Genre names are bullshit, and can almost never be traced to the true origins of a style. The breed of pop-punk that Red Scare Industries has been unveiling for a decade is almost unrecognizable next to what the name commonly denotes nowadays. Nonetheless, bands like The Copyrights, Direct Hit!, and Elway carry all the attitude and aesthetics of modern punk, but with melodic tendencies and occasional tongue-in-cheek snottyness. Call it what you will, but Toby Jeg’s wildly consistent label is a haven for fast, catchy songs about disenfranchisement, failure, friendship, drinking, and everything in between.
Drawn directly from that vein is Life is a Breeze, the latest from Elgin, Illinois’ The Brokedowns. With a couple of full lengths and multiple splits under their belts, the four-piece have found a sound that recalls the strengths of their aforementioned label mates while injecting extra Midwestern grit. Songs like the anthemic title track and “Born on the Bayou Too” are passionately presented and immediately recognizable. The ironic, upbeat pessimism of “Keep Branson Weird” and its rallying cry of “Our business is failure / and business is great” is undeniable even 15 songs into the album. There’s a warmth in the goofy defeatism that the songs are performed with that comes across even on early listens.
The pace of Life is a Breeze helps it survive 16 tracks. The band sweep from sub 2-minute blasts like “Everything is Immoral” and “Bless This Mess” to the jangly “DIY Space Program”, and a handful of other mid-tempo songs. By stringing songs into one another, and using individual tracks as bridges (“Vapor Chase”), The Brokedowns have come up with an album that feels more like a live set than anything else. As the triumphant closing of “A Child’s Guide to Black Metal” fades out into beach noise, it’s easy to feel the satisfied exhaustion of the production – the continuity of 16 tracks presented as a whole.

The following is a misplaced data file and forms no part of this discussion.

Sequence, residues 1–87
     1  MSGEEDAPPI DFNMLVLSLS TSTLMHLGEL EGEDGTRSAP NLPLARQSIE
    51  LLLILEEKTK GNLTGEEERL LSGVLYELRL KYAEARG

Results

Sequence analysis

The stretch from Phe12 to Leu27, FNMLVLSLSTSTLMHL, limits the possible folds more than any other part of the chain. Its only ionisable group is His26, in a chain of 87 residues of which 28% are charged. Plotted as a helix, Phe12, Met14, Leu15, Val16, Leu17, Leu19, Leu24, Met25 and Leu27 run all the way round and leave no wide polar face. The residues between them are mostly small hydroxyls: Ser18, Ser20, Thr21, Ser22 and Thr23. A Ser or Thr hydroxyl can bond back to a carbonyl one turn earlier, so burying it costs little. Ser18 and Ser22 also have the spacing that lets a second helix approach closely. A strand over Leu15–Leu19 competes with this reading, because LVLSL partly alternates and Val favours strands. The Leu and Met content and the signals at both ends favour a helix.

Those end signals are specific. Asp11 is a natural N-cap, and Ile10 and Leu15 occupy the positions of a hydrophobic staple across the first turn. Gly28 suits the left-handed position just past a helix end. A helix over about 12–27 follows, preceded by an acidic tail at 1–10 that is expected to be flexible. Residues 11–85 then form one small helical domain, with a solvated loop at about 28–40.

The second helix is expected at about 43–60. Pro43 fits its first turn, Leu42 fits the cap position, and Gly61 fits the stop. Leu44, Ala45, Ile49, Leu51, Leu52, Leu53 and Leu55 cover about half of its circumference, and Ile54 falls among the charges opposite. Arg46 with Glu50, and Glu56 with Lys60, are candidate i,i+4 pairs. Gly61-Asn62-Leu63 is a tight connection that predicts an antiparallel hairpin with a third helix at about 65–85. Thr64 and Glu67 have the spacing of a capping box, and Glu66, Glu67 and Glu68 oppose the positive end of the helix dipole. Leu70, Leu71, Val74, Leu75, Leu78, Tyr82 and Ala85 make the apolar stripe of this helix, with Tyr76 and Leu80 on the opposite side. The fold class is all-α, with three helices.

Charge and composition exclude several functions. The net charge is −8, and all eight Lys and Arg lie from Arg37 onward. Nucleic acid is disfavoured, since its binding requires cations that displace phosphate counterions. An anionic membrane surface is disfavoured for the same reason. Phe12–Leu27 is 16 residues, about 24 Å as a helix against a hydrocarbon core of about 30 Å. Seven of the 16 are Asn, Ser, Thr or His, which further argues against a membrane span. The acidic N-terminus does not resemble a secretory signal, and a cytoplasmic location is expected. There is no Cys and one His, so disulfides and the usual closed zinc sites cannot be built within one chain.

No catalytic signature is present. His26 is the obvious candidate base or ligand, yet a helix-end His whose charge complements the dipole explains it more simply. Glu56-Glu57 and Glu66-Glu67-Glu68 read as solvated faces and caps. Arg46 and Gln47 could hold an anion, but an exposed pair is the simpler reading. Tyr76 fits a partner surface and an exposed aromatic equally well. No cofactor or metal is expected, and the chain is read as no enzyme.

If you’re partial to gravelly voices over punchy melodic tracks, you’ll be right at home with Life is a Breeze. A note or two might be off here and there, but it’s all part of The Brokedowns’ appeal. Most important is that the album is genuinely and enthusiastically performed, meeting and exceeding their past output. Another successful release from Red Scare, and a solid entry into the band’s growing catalog.